Review: Meze Audio Rai Penta – A Star

Portable Player Matching

 

According to Meze Audio, the Rai Penta work effortlessly with any device due to its low impedance and high sensitivity but to truly enjoy the potential of its painstakingly tuned driver array, they recommend a high resolution source.

As you know by now the Rai Penta is a precise and lighter sounding IEM. The Sony WM1Z is known for its warmth, smoothness and dynamics and the synergy between these two units in balanced mode is absolutely awesome. You get some extra body in bass and mids, while retaining good detail, precision, clarity and speed. The delivery is a little smoother and it’s perfect for when you just want to chill and enjoy the music. Bass has great impact, goes deep and has excellent layering. The mids are full, layered, dynamic and musically smooth and the treble is energetic yet soft and easygoing. It’s all about enjoying the music in this setup, but at the same time at a high technical level. The WM1Z for me often is hit or miss, but with the Rai Penta, in balanced mode, it’s bull’s eye. In single ended mode, the magic isn’t there as much and you get a more concentrated, less extended and less airy sound. For me it’s hard to listen to with the balanced output being so awesome.

The Astell&Kern SP1000 is on the opposite side compared to the Sony and it here is all about detail, technicalities and neutral precision. In single ended mode you get a tight, fast and precise sound with excellent prat and extension but for some the sound signature might be a little on the dry side, with a flatter curve and perfect linearity. Body is lighter but it has good punch and impact. It’s a very well sounding combo if you like the analytical, neutral kind of tuning. In balanced mode you get a wider and deeper sound with better layering all presented in a more spacious way. The result is an extra layer of emotion with improved dynamics but while retaining the world class detail and precision. It’s still a neutral tuning but with a bit more oompf and musicality and those who love the SP1000, will surely love the Rai Penta in balanced mode.

The AK SP1000M – which we reviewed only a week ago – in single ended mode has just the perfect amount of body and impact for my ears. The presentation is tight, fast and impactful and the presentation is smooth and musical yet detailed and precise. I personally prefer the Rai Penta and SP1000M combo in single ended mode, as you just get a fuller and more musical sound but still at a high end level. In balanced mode it becomes even better and you get a more spacious presentation with improved depth and layering. Body in bass and mids is excellent and the overall sound is detailed end extended. The presentation is spacious and airy, yet musical and precise. IT’s not as full, warm and smooth as the Sony WM1Z in balanced mode, but it does have better transparency, dynamics and energy. I really like the Rai Penta with the SP1000M and it actually is something I keep experiencing more and more: the SP1000M is more often getting the preference over it’s big brother.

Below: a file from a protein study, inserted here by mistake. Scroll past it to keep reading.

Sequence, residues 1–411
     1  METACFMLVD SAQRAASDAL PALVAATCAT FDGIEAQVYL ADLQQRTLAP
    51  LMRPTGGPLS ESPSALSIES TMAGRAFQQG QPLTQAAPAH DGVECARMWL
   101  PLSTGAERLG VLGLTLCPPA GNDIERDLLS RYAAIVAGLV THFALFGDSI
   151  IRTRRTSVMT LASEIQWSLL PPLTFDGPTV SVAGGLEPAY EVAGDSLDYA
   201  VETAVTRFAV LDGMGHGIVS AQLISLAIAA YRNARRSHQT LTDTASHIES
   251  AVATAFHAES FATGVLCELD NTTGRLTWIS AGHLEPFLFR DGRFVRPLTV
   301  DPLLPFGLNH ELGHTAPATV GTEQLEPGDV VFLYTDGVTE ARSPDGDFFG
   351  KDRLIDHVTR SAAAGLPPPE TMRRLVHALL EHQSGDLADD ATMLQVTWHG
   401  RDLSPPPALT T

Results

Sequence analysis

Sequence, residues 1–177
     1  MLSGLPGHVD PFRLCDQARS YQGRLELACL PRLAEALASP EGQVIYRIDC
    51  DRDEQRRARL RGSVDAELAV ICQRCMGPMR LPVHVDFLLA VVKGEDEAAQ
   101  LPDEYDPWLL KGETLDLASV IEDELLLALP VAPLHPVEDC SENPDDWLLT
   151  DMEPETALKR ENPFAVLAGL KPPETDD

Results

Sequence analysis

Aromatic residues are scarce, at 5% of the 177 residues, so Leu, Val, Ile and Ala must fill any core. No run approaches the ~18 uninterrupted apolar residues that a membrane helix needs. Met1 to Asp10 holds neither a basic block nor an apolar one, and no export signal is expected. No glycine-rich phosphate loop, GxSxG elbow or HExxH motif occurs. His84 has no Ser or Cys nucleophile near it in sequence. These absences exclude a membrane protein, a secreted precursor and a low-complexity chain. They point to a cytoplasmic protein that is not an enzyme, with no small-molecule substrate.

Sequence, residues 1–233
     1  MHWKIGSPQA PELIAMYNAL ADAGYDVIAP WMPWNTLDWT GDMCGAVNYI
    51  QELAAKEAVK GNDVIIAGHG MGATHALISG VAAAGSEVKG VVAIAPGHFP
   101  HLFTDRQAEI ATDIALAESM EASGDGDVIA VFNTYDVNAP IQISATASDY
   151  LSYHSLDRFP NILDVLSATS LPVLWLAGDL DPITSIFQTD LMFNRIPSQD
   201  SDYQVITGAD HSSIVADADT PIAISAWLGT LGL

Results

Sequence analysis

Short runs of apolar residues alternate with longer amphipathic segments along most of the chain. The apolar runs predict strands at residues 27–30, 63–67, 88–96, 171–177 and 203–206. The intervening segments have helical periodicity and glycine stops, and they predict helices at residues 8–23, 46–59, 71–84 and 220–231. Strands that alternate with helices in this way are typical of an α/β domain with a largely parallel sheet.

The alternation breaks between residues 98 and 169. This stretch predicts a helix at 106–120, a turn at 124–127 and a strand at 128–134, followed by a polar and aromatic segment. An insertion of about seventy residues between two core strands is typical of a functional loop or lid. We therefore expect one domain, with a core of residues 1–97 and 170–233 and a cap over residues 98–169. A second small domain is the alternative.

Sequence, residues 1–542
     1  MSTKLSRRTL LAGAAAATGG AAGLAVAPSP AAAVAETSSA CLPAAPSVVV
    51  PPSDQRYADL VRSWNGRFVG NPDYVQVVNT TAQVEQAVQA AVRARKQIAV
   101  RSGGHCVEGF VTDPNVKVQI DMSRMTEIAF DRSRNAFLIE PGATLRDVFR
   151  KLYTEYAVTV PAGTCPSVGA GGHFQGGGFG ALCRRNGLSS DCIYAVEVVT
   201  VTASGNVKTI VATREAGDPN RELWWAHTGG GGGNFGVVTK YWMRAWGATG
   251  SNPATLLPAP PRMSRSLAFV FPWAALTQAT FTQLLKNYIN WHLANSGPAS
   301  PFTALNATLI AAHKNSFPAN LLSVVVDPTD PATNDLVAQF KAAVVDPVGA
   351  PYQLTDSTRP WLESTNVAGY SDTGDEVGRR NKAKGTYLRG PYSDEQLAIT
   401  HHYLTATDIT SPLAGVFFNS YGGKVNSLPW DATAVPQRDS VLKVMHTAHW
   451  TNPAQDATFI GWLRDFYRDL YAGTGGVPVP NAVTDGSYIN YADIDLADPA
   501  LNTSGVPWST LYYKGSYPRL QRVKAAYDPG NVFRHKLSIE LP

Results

The excellent HiBy R6 PRO has just made it to our best DAP list and I also like the synergy with the Rai Penta. In single ended mode the bass gets a boost and you’ll have a full bodied lower segment at all times. The lower mids are a bit more in the back and the upper mids and vocals are more to the front. Extension is really nice and the treble is energetic yet smooth and easy. It’s a really good combo but the magic really happens when switching to the 4.4mm balanced output. In balanced mode you get a wider, more spacious and more relaxed sound. Here both bass as well as mids get a fuller body but there’s great spaciousness from bottom to top. You get a wider and deeper sound stage with great layering. Treble is further extended and the overall decay is just so much better. You get all of this in a musical and smooth presentation and it’s enormously pleasing to the ear. The only downside here is that the HiBy isn’t the most quiet player on the market and that means you will hear the source noise from the Rai Penta at very low volumes or when music is soft.

All these high resolution sources, as Meze calls them, work very well for the Rai Penta but because of Rai Penta’s transparency you will for sure hear the impact of the DAP’s sound. For me the Sony WM1Z in balanced mode is the best, followed by the SP1000M in balanced mode and then the HiBy R6 PRO, also in balanced mode. For sure balanced is the way to get he best out of the Rai Penta when feeding it straight from the DAP.

Amplification

With an Impedance of 20Ω and a sensitivity of 110dB SPL/1mW, the Rai Penta doesn’t really need amplification to sound best but it profits from good amplification for sure and it will sound even better. The source used for this test is the Xduoo XT10II, which is a digital transport only.

The data transfer to the DAC/AMPs of our choice for this test was done over coaxial as this connection to me sounds remarkably better compared to the USB and optical input of the Hugo2/Mojo.  I’ve actually mostly been using the Rai Penta with the Mojo at the office and with the Mojo, Rai Penta sounds fast, detailed, precise and energetic. It’s the typical digital neutral tuning which the Mojo is known for. If you’re fan of precision, balanced body, speed, tightness and a neutral yet musical presentation, then you will love the synergy with the Mojo. Bass is tight, fast and punchy and both the bass and mids have the exact right amount of body. Treble is energetic and extended. As we know, Mojo is always musical in its own digital way, and it’s no different here. Personally I prefer the Rai Penta straight from the Sony WM1Z and SP1000M over the Mojo, but when your system has the Mojo in it as it’s doing its job as DAC, you surely won’t be disappointed.